If the diagnosis of PMR is strongly suspected, a trial of low-dose corticosteroids is given, usually in the form of 10 to 15 mg of prednisone per day. If PMR is present, stiffness is quickly relieved. The response to corticosteroids can be dramatic – sometimes patients are better after only one dose – but improvement can be slower. However, if symptoms have not been completely relieved after 2-3 weeks of treatment, the diagnosis of PMR must be called into question and other diagnoses considered. Unfortunately, non-steroidal anti-inflammatory drugs (commonly called “NSAIDs”), such as ibuprofen (Advil, Motrin, etc.) and naproxen (Naprosyn, Aleve), are ineffective in the initial treatment of PMR.
When symptoms have been controlled, the dose of corticosteroid medication is decreased gradually. The goal is to find the lowest dose that keeps an individual comfortable. Some people can stop corticosteroids within a year, but many will need a small amount of this medication for 2-3 years, to keep aching and stiffness under control. Recurring symptoms are not unusual. Because the symptoms of PMR are so sensitive to even small changes in the dose of corticosteroids, the gradual decrease of this medication should be directed by the physician.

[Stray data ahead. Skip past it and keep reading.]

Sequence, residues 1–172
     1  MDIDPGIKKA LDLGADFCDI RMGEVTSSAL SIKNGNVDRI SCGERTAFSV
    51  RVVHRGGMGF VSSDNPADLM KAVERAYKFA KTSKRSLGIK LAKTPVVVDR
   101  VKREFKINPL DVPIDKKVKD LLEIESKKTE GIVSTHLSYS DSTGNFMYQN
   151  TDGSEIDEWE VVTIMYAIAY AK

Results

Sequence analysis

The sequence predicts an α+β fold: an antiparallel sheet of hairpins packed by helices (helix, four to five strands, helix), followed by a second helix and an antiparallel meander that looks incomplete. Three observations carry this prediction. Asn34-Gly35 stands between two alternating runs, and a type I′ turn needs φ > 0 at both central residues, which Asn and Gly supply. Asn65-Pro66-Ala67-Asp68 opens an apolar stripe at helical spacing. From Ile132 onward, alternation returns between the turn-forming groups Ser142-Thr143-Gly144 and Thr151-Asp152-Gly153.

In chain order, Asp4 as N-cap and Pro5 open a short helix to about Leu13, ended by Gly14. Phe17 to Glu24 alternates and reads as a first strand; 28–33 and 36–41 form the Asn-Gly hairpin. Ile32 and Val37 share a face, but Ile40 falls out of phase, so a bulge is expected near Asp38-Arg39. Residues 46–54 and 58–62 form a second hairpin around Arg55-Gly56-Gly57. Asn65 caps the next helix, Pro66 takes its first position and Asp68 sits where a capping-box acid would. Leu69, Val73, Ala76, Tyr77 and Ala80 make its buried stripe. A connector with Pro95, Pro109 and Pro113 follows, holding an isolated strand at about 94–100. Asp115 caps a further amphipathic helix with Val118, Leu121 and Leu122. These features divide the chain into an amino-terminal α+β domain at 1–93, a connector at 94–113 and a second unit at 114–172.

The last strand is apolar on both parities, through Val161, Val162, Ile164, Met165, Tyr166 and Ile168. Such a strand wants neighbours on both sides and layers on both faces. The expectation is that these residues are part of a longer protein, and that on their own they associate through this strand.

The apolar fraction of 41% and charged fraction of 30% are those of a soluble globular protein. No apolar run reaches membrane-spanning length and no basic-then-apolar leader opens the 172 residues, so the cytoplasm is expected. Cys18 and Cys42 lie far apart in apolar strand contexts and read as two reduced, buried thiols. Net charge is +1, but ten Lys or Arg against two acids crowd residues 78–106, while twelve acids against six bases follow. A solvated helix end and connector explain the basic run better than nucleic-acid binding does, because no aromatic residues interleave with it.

Living with polymyalgia rheumatica
Once stiffness has subsided, normal activities can be resumed, including exercise as tolerated. Even low doses of corticosteroids can cause side effects, including higher blood sugars, weight gain, sleeplessness, osteoporosis (bone loss), cataracts, thinning of the skin and bruising. Monitoring for these problems, including bone density testing, is an important part of regular follow-up visits with the physician. Medication may be needed to prevent osteoporosis in older patients.